Why I Hate Fashion’s Night Out

Fashion’s Night Out is this Thursday, and the inbox here at Gloss HQ is overflowing with press releases about store openings, celebrity appearances, and drink specials. As a lover of all things fashion, this is supposed to be all eight days of Hanukkah wrapped up in one. But every time I think about what I want to spend Thursday night doing, it involves hiding in my room.

FNO, as it is lovingly known, was created by none other than Anna Wintour. The festivities are supposed to, as Racked puts it, “help jump-start the economy and help out retail by buying clothing, shoes, and accessories at full price.” But I can barely hear myself think over the din of fifteen-year-old celebrity DJs, and I’m not terribly inspired to shop. For the last few years, I have done almost all of my shopping online. On a normal day, dealing with pushy New York sales clerks and long lines of people arguing about how that sweater was totally on the sale rack is more than I want to do. And Fashion’s Night Out is that overcrowded, underwhelming Victoria’s-Secret-semiannual-sale-esque shopping experience multiplied by twenty. Like New Year’s Eve, it’s one of those nights when you’re supposed to be happy and glamorous, but you spend all night bouncing from one party to the next in an attempt to have omgthebesttimeever, only to wind up with sore feet and a vow that next year you’re just going to stay in and watch Dick Clark on TV.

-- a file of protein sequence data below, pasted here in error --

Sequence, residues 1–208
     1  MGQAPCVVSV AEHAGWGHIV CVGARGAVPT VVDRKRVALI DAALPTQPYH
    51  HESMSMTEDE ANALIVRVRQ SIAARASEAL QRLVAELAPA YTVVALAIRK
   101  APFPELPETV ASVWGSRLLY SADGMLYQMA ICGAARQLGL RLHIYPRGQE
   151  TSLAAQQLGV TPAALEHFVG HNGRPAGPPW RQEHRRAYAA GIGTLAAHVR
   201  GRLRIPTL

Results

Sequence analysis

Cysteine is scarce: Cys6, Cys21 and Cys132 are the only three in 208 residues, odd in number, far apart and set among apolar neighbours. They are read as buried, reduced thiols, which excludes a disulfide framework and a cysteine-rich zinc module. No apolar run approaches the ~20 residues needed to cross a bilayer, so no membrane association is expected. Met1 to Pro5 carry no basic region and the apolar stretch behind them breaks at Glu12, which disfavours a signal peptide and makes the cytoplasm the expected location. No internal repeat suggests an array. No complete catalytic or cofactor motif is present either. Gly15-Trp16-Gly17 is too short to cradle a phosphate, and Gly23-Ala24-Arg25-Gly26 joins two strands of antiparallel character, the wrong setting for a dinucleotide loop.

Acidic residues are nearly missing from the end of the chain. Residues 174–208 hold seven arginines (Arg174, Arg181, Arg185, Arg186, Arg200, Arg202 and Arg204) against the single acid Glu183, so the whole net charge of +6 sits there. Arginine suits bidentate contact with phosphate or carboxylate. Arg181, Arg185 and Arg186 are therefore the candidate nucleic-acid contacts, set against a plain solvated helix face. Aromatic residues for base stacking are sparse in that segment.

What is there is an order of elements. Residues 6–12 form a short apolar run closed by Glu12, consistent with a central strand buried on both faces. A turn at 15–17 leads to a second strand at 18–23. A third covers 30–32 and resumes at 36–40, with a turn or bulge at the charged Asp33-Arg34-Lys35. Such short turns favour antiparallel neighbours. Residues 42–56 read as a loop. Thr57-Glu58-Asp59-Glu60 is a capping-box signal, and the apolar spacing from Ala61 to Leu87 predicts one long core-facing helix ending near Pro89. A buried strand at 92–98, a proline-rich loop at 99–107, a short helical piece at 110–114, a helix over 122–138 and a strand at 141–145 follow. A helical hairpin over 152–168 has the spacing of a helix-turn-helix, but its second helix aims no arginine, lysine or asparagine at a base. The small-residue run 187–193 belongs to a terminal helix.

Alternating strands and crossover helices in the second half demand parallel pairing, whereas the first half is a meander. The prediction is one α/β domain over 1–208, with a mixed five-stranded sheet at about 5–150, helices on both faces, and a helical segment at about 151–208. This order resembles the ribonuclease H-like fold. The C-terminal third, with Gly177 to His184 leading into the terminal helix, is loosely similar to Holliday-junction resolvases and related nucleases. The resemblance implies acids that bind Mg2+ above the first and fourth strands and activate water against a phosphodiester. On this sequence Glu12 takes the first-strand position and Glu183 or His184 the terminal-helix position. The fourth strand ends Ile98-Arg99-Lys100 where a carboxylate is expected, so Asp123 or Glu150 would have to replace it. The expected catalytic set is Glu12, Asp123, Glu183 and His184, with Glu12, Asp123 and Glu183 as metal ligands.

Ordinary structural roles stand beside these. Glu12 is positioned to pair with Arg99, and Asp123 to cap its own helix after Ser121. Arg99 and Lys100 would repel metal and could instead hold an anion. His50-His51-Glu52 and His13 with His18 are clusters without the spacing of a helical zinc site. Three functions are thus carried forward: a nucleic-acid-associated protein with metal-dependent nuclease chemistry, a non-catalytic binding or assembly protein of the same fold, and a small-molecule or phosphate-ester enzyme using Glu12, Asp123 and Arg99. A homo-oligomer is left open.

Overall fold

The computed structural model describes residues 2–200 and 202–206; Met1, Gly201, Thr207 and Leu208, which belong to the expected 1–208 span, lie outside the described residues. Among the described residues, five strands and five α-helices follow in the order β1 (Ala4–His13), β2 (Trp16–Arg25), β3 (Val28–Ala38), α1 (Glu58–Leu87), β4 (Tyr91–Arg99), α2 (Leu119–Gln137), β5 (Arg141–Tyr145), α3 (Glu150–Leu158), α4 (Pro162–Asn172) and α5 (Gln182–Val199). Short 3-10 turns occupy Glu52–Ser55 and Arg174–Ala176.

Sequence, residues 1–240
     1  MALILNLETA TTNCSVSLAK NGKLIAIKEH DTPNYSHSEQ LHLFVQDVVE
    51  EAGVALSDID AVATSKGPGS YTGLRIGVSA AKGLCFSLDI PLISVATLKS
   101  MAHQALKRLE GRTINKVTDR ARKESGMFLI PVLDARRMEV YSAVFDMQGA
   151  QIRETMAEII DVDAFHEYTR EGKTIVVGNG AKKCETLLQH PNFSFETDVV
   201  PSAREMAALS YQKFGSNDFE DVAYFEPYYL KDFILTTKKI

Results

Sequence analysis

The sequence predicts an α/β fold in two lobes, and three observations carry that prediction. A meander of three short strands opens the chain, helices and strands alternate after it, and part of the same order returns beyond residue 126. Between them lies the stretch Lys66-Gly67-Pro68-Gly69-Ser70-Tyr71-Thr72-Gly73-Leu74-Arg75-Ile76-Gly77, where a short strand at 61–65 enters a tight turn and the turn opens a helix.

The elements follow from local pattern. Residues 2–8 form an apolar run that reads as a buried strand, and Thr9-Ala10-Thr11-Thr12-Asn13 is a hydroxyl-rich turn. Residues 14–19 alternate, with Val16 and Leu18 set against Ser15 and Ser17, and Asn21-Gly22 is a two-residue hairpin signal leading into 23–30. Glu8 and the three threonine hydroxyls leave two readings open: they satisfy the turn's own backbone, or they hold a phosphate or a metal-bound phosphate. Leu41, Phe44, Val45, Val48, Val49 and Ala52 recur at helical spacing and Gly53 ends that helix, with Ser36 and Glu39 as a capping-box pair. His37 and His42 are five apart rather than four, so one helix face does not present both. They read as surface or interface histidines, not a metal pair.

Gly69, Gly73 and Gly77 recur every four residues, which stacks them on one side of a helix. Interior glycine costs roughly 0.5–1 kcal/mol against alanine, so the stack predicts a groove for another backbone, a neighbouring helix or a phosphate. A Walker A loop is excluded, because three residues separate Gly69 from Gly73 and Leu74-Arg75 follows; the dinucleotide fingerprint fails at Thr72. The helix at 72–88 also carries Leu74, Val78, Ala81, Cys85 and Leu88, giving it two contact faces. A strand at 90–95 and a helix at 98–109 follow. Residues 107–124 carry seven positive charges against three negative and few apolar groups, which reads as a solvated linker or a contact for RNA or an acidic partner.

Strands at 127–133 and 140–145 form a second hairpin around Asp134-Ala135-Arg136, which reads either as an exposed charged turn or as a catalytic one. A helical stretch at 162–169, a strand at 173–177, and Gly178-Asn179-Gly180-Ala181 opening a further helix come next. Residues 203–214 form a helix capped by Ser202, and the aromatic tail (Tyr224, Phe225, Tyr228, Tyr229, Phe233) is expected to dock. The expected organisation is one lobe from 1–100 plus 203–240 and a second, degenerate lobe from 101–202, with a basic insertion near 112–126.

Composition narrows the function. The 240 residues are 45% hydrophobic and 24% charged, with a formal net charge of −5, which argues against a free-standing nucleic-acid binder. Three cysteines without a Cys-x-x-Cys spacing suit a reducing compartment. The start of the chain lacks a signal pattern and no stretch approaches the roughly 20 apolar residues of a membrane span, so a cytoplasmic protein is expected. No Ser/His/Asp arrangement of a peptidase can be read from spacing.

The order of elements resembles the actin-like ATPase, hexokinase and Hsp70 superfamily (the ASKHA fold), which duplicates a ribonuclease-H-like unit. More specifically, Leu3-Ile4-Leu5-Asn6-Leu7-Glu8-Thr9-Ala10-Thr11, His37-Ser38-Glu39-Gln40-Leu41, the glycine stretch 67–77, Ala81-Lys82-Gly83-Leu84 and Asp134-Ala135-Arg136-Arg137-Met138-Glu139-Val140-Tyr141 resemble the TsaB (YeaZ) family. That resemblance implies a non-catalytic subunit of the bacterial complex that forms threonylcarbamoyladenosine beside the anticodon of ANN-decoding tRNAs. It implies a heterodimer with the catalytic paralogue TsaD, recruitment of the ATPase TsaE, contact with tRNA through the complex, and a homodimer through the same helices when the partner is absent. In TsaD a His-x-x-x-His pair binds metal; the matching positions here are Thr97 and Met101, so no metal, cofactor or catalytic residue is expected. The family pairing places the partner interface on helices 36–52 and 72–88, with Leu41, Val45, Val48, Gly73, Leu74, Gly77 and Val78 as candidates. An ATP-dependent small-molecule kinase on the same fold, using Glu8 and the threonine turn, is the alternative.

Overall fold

I understand why Anna Wintour wants people to support the fashion industry – after all, it supports her. More people buying clothes means more designers being paid to make them and, in turn, more editors being paid to write about them. But even with the economy on shaky ground, it’s hard for me to feel like fashion is some kind of endangered species that we need to protect. As long as there’s still a market for $39,000 backpacks and $1,500 T-shirts, it’s difficult to think that waiting in a ridiculously long line to buy designer-branded nail polish is somehow on par with saving the whales. Now, if Anna has any interest in launching Fashion’s Night In, where we all go online at the same time and try to buy the same dress from the Anthropologie sale without crashing the internet? I’d be there.

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